It wasn’t always this way. Ask any teacher over the age of 40—those of us raised in a more sane time, schooled differently than kids today—and they will tell you privately that the system has gone crazy. Sadly, though, the underlying assumptions behind conventional schooling—that learning can be quantified and that adults must be in control—haven’t changed all that much. We’re just seeing the logical extreme of believing kids must be forced to learn and learning must be measured in order to be valid.
What the Atlanta 11 did was an attack on the whole concept of high-stakes testing, so of course the system came down on them like a ton of bricks. Already the rhetoric has reached outrageous levels. Consider, for example, the words of professor Ron Carlson: “This is a huge story and absolutely the biggest development in American education law since forever. It has to send a message to educators here and broadly across the nation. Playing with student test scores is very, very dangerous business.” (“Playing with student test scores”! How about we stop looking at children as creatures to be manipulated, their every attempt at doing things measured?)
Testing madness is everywhere. Neil deGrasse Tyson, well known for hosting the rebooted “Cosmos” series, once said that “when students cheat on exams, it’s because our school system values grades more than students value learning.” Or consider a school in India where parents were photographed climbing the exterior wall in order to give their students answers to the exam they were taking. Cram schools in Japan—same thing. This may sound extreme, but just like the Atlanta 11, this is what testing madness drives people to do. One cure for testing madness is encouraging parents to seek out alternatives like Alpine Valley School; another is taking time off from school during testing events.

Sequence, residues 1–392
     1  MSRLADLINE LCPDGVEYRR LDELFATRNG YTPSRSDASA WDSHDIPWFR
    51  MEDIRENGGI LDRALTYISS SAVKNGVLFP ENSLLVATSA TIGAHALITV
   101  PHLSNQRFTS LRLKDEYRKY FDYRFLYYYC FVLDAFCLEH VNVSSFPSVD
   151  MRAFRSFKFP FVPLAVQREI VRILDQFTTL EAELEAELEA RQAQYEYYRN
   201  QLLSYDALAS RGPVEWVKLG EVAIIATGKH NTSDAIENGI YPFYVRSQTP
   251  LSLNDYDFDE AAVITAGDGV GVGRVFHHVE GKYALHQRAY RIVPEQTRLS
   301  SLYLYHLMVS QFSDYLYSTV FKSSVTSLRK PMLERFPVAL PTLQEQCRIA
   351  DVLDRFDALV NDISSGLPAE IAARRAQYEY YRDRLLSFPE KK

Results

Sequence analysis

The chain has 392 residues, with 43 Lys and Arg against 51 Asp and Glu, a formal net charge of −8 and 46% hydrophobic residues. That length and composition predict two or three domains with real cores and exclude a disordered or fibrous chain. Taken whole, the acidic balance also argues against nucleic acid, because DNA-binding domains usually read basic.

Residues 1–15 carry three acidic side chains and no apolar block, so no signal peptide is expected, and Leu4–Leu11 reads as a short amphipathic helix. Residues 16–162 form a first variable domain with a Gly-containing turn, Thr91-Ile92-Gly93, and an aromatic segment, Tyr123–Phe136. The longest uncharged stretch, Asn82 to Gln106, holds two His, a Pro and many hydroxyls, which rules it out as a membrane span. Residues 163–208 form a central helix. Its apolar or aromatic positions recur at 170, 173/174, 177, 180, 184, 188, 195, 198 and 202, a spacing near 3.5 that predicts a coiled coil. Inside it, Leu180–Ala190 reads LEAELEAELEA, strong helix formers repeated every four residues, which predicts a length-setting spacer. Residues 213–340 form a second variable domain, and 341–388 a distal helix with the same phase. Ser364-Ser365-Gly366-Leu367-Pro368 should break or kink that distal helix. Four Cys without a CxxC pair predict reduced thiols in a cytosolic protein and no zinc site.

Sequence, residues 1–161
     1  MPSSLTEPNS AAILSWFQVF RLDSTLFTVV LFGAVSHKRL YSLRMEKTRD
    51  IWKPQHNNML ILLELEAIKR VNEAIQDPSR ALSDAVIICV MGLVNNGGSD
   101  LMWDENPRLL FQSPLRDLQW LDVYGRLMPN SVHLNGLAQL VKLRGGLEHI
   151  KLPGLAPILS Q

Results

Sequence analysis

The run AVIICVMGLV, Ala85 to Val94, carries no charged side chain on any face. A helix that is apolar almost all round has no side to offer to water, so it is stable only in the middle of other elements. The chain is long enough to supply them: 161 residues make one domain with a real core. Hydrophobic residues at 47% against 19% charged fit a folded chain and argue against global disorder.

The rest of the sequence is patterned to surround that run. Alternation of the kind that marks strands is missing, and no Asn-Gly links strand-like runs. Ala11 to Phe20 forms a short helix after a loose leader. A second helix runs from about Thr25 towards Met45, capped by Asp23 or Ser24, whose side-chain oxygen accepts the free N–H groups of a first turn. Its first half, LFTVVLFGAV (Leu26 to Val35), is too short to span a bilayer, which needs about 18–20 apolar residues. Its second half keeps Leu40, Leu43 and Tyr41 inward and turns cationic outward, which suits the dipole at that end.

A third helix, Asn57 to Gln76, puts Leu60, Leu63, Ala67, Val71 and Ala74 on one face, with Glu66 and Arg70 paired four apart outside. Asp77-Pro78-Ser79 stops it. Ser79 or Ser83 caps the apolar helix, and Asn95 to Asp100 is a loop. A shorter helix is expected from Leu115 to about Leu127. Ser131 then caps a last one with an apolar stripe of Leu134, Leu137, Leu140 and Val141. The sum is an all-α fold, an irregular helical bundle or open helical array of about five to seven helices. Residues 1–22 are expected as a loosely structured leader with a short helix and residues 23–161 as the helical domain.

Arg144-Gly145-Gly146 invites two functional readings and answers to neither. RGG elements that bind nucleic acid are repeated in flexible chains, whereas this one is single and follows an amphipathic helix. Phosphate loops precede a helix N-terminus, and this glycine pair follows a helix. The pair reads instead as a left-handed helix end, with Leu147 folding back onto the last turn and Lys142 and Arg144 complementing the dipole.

I don’t know any of the Atlanta 11 personally. I have, however, known a lot of teachers and why they got into this profession, so I have a lot of sympathy for these people. What the Atlanta 11 did may not be legally defensible, but it is understandable. Demands for better test scores have perverted teaching into a system that has very little to do with learning: today, teachers are little more than “curriculum delivery tools.” Gone is the discretion a teacher once had to teach what he thought best. Gone is the opportunity to make meaningful connections at the cost of skipping over pieces of the prescribed curriculum. In its place is testing madness.
Thank goodness for places like Alpine Valley School, havens of sanity in a test-crazy world!
Note: This week’s post is adapted from Ian Grasamkee-Beasley’s recent thesis defense. Many thanks to Ian for recounting and sharing with us this epic tale of the intensely focused, hard work that is learning at Alpine Valley School.
Before I came to Alpine Valley School, I never worked well with other people. By my fourth year I was participating in Asteroid games, getting into pottery, and gaming with my friends. I had never really been a part of a large, long-lasting project. (I’d had chances in the past, but always turned them down.) But soon that would change…
One day a couple students dug a couch-like hole about two feet deep in the sandbox. Ethan and I took notice. He told me he’d been looking at some geological maps and had discovered that the school sat on an old riverbed, so the two of us decided to take over the hole. At first I thought this was just going to be a day or two of digging to see how far we could get. However, we kept going for several days. When we had dug down to about four feet, we hit heavy clay so dense we could break a 2×4 with it. I wanted to quit at this point, but with encouragement from Ethan we kept going.